This month saw M&S crowned as the UK’s best brand in the annual YouGov Global Best Brand survey. “It’s a fantastic recognition for our colleagues, who are so passionate about our brand and work day in and day out to protect the magic of it”, said M&S chief executive, Stuart Machin.
Brand loyalty is obviously highly prized - not just for staff moral and publicity - but because of its direct correlation to profitability. In fact, according to Harvard Business Review, businesses with high brand loyalty ratings grow their revenues 2.5 times faster than their industry peers.
It’s widely known that one of the most important conditions for brand loyalty is ‘quality’, something customers perceive as ‘trusted value’ in a brand. This perception, that a certain brand represents both higher quality and better service than a competitor, has real value for businesses like M&S because brand-loyal customers purchase 90% more frequently than new customers. The more of them you have, the more profitable you will be.
Of course, brand loyalty is not earned over night. It takes time to build as well as consistent strategic input, and importantly it needs focused buy-in from the boardroom to succeed. However, the danger for businesses in the current climate, is that there are so many challenges to solve, it is all too easy to prioritise short-term fixes over longer-term goals.
Ahead of this year’s Black Friday, Jo Caulson of the Institute of Customer Service called for businesses in all sectors to move from short-termism to a long-term service strategy. She suggested that Black Friday discounting risks squandering long-term loyalty and reputation building for the sake of short-terms sales. Smart brands, she proposes, should be turning away from the lowest price approach to balancing cost, quality and service for their consumers.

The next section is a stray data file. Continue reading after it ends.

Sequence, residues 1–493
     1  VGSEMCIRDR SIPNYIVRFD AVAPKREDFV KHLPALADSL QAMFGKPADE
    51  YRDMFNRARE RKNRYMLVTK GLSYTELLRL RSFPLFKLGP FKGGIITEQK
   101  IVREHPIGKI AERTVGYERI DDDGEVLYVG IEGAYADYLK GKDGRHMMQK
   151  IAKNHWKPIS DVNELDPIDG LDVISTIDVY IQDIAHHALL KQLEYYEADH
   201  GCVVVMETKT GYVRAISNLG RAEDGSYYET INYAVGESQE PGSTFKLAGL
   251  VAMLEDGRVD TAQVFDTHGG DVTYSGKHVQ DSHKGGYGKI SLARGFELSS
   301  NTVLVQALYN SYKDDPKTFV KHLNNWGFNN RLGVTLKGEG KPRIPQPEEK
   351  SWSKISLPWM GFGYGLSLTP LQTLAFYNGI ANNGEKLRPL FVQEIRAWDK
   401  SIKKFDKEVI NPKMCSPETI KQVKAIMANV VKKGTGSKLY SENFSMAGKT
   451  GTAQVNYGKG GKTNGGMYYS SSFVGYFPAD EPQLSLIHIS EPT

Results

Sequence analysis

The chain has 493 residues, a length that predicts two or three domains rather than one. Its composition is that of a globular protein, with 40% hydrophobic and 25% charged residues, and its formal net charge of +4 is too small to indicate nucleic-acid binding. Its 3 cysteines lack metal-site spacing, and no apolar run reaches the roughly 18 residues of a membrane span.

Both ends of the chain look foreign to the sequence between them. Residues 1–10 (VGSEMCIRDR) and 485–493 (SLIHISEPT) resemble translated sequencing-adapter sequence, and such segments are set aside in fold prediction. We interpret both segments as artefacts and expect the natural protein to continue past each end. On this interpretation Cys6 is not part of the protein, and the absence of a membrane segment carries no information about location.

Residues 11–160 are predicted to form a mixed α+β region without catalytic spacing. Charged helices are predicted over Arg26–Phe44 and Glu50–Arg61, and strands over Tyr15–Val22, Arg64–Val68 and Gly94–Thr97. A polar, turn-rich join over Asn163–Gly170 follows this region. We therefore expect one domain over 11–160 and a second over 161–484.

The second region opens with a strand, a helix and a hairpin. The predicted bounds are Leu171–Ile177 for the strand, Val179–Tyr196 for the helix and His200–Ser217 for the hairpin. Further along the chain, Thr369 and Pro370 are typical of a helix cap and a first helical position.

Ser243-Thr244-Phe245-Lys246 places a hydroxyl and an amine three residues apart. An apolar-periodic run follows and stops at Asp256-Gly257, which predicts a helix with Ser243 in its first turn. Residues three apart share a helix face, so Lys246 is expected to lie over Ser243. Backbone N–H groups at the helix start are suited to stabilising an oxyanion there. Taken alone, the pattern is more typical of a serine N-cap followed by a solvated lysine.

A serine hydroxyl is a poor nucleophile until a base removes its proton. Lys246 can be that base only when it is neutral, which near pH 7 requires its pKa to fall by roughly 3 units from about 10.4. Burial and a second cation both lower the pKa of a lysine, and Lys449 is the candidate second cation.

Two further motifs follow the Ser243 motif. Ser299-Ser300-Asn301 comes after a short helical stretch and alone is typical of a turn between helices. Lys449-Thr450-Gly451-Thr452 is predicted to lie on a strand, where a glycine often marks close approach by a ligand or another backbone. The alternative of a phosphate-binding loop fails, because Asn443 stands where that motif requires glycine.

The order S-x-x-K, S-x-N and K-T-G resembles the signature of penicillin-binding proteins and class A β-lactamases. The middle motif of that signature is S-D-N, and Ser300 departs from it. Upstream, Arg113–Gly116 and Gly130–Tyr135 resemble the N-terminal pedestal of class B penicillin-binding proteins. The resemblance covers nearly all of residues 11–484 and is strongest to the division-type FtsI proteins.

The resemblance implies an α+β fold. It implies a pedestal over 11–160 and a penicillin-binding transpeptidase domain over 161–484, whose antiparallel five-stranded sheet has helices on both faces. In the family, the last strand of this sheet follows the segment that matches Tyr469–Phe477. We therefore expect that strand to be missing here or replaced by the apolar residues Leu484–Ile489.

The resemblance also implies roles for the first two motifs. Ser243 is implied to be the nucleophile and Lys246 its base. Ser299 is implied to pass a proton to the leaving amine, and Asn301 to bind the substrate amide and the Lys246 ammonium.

We see this need for a greater investment in brand building born out in a recent survey by Up to the Light, where 80% of design agency clients revealed their concern that brand strategy planning is still too reactive and not strategic enough. So, what to do if you’re a retail leader wanting to grow brand loyalty – where do you start?
At the beginning of a new store development project, we start by interrogating what brand loyalty means to our client’s customers. Understanding what brand qualities their customers value most gives us critical insights into the opportunities to design brand spaces that will support and build on the existing brand loyalty their customers feel.
So, with a new year on the horizon, and strategy meetings underway for many retail businesses, here’s our recommended priority list for the coming months as you delve into your businesses’ brand qualities and service values.
Check your business vision and mission statement - is up to date?
Stay close to your customers – are they happy? Do they share your vision?
Stay close to your staff – are they motivated? Do they share your vision?
Identify the emotional needs your brand fulfils for customers – do you know what they are?
Establish customer quality and service expectations – are you delivering?
Review the physical and digital shopping journey – is it blended for customers?
Follow your competitors – can you learn from their successes and failures?
And finally, lean on your design agency, 96% of clients surveyed by Up to the Light agree that breakthrough creative ideas come from working with external design agencies, rather than relying solely on in-house teams. So, use them wisely!
If you can commit to doing all the above, then maybe you’ll soon be giving M&S a run for their money on that number 1 best brand slot!
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